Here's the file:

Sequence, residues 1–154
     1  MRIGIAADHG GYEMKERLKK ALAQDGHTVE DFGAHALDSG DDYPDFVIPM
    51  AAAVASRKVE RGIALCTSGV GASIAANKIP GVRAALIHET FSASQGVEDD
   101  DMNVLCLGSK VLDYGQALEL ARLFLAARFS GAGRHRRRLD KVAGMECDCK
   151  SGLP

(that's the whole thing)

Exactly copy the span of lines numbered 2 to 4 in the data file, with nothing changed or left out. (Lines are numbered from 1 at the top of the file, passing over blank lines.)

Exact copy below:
     1  MRIGIAADHG GYEMKERLKK ALAQDGHTVE DFGAHALDSG DDYPDFVIPM
    51  AAAVASRKVE RGIALCTSGV GASIAANKIP GVRAALIHET FSASQGVEDD
   101  DMNVLCLGSK VLDYGQALEL ARLFLAARFS GAGRHRRRLD KVAGMECDCK